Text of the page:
What I saw in the videos was not my cup of tea, regardless of the sword analog employed.

Our school also offers Quickdraw Sparring in which the whole body is a target. Quickdraw operates in a round robin system wherein each combatant only gets one cut, and must make that cut within half a second of drawing their blade. Because of the use of PVC pipes tied together in a way that they vibrate on impact, Quickdraw is the most physical sport we offer, with people under the age of 18 needing express permission in the form of a contract from their parents to compete. In my time watching, I've seen lots of hard hits, most notably someone who dived drawing a cross cut and almost got inverted stabbed in the small of his neck (the only place he wasn't padded), but I have never seen any lasting damage result.
I watched the video. The action flex swords are very ill suited to the task. Overall, it was not for me.

Ultimately, I ended up training in Tenshinsho Jigen Ryu for a while, but time and distance along with other commitments conspired against me there. I ended up getting involved with western sword work (historical and classical fencing, specifically) again through a friend who was involved with ARMA, which led me to the Association for Historical Fencing.

But I do appreciate the time that GM Wood took to talk with me. Also, congratulations again on your second dan grading.
 

Tswolfman

Green Belt
Joined
Mar 11, 2005
Messages
136
Reaction score
1
As a forth dan black belt in koryo gum do. I see your points. A lot of the koryo gumdo curriculum is derived from haidong gumdo. However many peices come from other arts.
 

Tswolfman

Green Belt
Joined
Mar 11, 2005
Messages
136
Reaction score
1
One thing to note, Their are 2 Koryo Gumdo Organizations now . World Koryo Gumdo Association Headed by GM Duk Gun Kwon, and Koryo Gumdo International Headed by GM J.P. Wood. World Koryo Gumdo Association Uses a newer Series of forms. where as Koryo Gumdo International uses the orginal Koryo Gumdo Form Series. Both of which are less then 15 years old. The forms were based off of haidong forms with some modifications. PArtly so Taekwondo Schools could tech then and compete with them in normal tournament size rings.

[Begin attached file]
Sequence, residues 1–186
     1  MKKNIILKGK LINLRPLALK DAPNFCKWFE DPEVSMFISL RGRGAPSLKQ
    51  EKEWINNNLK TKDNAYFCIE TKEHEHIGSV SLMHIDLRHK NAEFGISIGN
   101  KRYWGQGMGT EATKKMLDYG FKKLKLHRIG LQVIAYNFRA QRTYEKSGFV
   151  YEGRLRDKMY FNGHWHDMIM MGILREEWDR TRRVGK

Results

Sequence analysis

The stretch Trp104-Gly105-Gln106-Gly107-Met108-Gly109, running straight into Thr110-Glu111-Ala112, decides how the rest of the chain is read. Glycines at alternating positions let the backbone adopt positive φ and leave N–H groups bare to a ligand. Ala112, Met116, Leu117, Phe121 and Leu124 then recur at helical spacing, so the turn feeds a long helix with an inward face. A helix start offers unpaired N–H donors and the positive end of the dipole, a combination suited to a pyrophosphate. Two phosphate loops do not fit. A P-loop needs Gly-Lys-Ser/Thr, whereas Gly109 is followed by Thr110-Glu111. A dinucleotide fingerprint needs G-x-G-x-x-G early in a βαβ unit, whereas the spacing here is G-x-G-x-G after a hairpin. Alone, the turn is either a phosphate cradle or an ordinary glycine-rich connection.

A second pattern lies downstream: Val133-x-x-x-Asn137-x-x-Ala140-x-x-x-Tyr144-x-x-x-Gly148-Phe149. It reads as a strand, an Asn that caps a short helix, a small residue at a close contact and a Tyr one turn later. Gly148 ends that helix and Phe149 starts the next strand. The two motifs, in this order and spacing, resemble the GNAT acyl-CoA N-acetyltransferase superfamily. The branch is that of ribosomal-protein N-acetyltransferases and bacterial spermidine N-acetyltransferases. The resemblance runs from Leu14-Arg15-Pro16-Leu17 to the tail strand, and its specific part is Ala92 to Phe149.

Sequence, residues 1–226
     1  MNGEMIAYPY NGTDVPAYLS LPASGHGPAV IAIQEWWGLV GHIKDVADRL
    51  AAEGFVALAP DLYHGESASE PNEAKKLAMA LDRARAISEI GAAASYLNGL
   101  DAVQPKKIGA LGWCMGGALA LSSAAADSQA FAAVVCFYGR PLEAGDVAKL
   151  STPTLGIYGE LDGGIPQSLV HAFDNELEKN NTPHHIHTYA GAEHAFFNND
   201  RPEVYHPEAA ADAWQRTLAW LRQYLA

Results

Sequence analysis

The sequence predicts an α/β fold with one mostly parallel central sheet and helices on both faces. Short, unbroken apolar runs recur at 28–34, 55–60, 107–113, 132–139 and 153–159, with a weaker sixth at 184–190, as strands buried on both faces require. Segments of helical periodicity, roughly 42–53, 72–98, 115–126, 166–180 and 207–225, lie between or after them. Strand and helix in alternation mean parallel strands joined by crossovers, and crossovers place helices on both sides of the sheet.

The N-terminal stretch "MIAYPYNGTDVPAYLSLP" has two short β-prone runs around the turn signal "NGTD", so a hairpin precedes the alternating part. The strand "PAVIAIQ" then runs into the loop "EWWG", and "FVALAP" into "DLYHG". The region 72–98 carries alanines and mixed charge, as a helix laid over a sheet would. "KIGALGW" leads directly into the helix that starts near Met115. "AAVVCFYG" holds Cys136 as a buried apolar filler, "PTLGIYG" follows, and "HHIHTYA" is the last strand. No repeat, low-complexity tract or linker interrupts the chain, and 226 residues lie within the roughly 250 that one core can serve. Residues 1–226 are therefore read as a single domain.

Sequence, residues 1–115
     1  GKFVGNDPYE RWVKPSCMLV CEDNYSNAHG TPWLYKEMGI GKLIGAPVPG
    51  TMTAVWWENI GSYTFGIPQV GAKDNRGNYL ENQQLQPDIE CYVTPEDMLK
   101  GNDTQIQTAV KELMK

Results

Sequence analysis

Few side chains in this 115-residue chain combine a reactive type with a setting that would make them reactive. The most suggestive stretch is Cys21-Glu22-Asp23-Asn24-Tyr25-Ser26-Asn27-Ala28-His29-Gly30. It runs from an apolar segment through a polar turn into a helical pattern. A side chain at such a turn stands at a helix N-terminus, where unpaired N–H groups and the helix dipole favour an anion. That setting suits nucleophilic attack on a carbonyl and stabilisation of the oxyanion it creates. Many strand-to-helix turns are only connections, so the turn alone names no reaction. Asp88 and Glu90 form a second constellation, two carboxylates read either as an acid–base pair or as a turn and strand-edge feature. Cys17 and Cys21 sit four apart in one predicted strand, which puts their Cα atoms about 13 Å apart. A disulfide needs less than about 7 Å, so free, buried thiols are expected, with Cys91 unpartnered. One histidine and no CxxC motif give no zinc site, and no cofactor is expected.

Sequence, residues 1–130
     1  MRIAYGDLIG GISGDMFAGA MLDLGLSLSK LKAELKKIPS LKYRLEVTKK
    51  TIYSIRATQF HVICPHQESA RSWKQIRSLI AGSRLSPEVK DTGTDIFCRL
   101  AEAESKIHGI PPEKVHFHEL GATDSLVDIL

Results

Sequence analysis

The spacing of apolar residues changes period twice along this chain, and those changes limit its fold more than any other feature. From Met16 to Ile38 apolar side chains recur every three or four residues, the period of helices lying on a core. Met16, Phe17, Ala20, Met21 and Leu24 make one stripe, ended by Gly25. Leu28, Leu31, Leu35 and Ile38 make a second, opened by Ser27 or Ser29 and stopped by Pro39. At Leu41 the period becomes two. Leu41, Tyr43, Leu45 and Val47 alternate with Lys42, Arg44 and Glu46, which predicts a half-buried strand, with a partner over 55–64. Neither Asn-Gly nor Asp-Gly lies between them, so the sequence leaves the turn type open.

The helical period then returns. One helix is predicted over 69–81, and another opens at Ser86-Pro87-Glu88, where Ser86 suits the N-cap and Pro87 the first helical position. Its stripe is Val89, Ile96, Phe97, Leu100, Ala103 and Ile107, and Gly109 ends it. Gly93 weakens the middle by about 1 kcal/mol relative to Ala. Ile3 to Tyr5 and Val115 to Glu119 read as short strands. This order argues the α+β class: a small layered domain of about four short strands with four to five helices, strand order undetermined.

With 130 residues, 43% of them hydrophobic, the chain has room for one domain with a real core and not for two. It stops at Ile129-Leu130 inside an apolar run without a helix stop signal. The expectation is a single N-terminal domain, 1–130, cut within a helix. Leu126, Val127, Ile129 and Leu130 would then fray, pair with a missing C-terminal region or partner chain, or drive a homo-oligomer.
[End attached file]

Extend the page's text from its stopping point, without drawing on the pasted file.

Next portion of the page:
OP
D

Daniel Sullivan

Grandmaster
MT Mentor
Joined
May 27, 2008
Messages
6,472
Reaction score
269
Location
Olney, Maryland
One thing to note, Their are 2 Koryo Gumdo Organizations now . World Koryo Gumdo Association Headed by GM Duk Gun Kwon, and Koryo Gumdo International Headed by GM J.P. Wood. World Koryo Gumdo Association Uses a newer Series of forms. where as Koryo Gumdo International uses the orginal Koryo Gumdo Form Series. Both of which are less then 15 years old. The forms were based off of haidong forms with some modifications. PArtly so Taekwondo Schools could tech then and compete with them in normal tournament size rings.
As I recall, this is exactly what happened with Haidong Gumdo; a split (be it ammicable or no is unimportant) of two GMs, with one starting his own organization. The end result was two organizations; the World Haidong Gumdo Association and the International Haidong Gumdo Association.
 

Latest Discussions

Top